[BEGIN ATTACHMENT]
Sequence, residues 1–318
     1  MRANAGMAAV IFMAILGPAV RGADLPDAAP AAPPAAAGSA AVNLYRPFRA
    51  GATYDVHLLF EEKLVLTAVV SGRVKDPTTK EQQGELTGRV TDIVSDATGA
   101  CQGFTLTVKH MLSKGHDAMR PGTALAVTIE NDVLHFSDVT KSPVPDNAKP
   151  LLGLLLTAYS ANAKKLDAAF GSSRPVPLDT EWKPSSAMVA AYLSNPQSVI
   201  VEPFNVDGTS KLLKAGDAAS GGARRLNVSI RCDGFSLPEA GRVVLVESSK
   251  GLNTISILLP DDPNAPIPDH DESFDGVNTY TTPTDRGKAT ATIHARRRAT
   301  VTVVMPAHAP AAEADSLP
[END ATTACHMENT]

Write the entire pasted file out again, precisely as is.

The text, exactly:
Sequence, residues 1–318
     1  MRANAGMAAV IFMAILGPAV RGADLPDAAP AAPPAAAGSA AVNLYRPFRA
    51  GATYDVHLLF EEKLVLTAVV SGRVKDPTTK EQQGELTGRV TDIVSDATGA
   101  CQGFTLTVKH MLSKGHDAMR PGTALAVTIE NDVLHFSDVT KSPVPDNAKP
   151  LLGLLLTAYS ANAKKLDAAF GSSRPVPLDT EWKPSSAMVA AYLSNPQSVI
   201  VEPFNVDGTS KLLKAGDAAS GGARRLNVSI RCDGFSLPEA GRVVLVESSK
   251  GLNTISILLP DDPNAPIPDH DESFDGVNTY TTPTDRGKAT ATIHARRRAT
   301  VTVVMPAHAP AAEADSLP